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Related to Asinus: donkeys
The following article is from The Great Soviet Encyclopedia (1979). It might be outdated or ideologically biased.



(asses), a subgenus of perissodactylous mammals of the genus Equus. Asses differ from true horses in that they have a large head with long ears, narrow hooves, and a thin tail ending in a tuft of long hairs. Wild asses are distributed in Africa and in Southwest, Middle, and Central Asia. They live in small herds in deserts and steppes. Asses feed on grass.

The African wild ass (Equus, or Asinus, africanus) is 100–120 cm high at the withers. It is sandy-gray and has a dark stripe along the backbone and a similar intersecting stripe at the scapulae. The African wild ass is distributed in Somalia, Ethiopia, and Eritrea. It is a protected species whose numbers are small. The African wild ass is the ancestor of the domesticated ass, or donkey.

Domesticated asses form two groups of breeds. The first includes small indigenous asses of Africa and Asia (including Kazakhstan, Middle Asia, the Caucasus). Also in this group are large African and Asian asses, such as the Shantung asses of China. The second group of asses are stud breeds used principally to obtain mules. The most valuable stud breeds are the Poitou asses of France, the Catalonian asses of Spain, and American varieties. Indigenous breeds of asses are valued for their strength and endurance; they do not require special feed or maintenance. Asses are used as pack and harness animals. They are surefooted and are capable of travel in mountainous regions.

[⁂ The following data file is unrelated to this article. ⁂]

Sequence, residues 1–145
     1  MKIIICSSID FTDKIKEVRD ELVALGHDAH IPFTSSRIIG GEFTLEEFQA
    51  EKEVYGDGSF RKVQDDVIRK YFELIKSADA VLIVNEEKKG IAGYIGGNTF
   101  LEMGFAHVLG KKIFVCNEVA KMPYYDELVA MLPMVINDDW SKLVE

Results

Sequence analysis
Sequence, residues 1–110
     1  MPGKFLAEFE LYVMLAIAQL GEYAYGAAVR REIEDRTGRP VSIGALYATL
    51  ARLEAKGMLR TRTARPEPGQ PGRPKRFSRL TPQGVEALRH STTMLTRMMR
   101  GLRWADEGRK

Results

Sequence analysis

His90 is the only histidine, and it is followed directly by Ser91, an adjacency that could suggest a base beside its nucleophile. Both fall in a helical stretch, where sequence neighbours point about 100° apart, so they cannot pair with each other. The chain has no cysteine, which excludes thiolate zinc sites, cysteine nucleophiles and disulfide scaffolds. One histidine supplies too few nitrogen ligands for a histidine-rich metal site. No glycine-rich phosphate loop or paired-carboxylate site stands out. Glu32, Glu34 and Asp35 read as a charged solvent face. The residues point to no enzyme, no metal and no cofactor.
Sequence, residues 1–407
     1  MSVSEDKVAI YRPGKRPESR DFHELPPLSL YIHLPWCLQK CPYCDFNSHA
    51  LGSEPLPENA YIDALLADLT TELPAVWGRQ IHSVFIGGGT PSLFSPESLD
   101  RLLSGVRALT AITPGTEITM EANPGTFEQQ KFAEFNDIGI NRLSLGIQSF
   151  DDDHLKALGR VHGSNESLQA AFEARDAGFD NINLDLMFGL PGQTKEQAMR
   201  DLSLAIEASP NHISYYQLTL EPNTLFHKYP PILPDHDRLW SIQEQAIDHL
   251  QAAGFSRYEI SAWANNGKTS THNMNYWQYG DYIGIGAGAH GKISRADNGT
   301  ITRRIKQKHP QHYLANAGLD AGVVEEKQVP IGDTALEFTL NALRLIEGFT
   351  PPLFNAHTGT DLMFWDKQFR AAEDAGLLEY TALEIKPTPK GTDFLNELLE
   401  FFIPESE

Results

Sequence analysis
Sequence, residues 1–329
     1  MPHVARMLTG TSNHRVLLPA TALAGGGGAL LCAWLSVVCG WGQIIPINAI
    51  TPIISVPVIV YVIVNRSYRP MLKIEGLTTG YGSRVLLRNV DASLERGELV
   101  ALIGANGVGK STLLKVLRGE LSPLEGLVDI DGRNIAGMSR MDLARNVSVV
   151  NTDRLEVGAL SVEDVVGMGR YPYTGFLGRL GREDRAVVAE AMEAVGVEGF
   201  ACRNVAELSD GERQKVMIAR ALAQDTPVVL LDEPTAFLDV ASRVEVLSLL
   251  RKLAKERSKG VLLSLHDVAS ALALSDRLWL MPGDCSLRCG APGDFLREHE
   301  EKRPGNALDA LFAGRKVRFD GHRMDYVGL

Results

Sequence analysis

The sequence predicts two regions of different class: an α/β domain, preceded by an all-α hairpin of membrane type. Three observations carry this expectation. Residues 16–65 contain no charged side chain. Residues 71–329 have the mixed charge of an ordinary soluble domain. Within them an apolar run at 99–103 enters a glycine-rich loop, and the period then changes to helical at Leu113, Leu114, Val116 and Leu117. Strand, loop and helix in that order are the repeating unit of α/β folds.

An ass can carry an average load of 70–80 kg; the animal’s carrying capacity in harness is up to 2.5 tons. Indigenous asses are used for work from the age of two years. They are fed straw mixed with alfalfa or barley. Asses of stud breeds are fed complete rations of hay and concentrated and succulent feeds.

In 1971, the world population of asses was 41.9 million, including 689,000 in Europe, 8.5 million in Asia, 6.8 million in Africa, and 6.7 million in America. In 1972 there were 568,600 asses in the USSR.


Sokolov, I. I. Kopytnye zveri (Otriady Perissodactyla i Artiodactyla). Moscow-Leningrad, 1959. (Fauna SSSR: Mlekopitaiushchie, vol. 1, issue 3.)
Zhivotnyi mir, vol. 6. Moscow, 1971.
Lakoza, I. I., and V. A. Shchekin. Verbliudovodstvo i osnovy oslovodstva i muloproizvodstva. Moscow, 1964.


The Great Soviet Encyclopedia, 3rd Edition (1970-1979). © 2010 The Gale Group, Inc. All rights reserved.
References in periodicals archive ?
Differentiating among horse (Equus caballus), donkey (Equus asinus) and their hybrids with combined analysis of nuclear and mitochondrial gene polymorphism.
Samples came from 265 horses (Equus caballuS), 30 mules (Equus mulus), and 5 donkeys (Equus asinus).
Dentro del grupo de los perisodactilos, tanto la leche de yegua (Equus caballus) como la de burra (Equus asinus) han sido estudiadas por razones relacionadas con las propiedades nutricionales y terapeuticas difundidas desde tiempos ancestrales, sobre todo en paises de Europa y Asia (8, 11).
The hepatic asinus is a more physiologically useful model of liver structure and lies between two or more terminal hepatic venules and blood flows from the portal tracts through the sinusoids to the venules.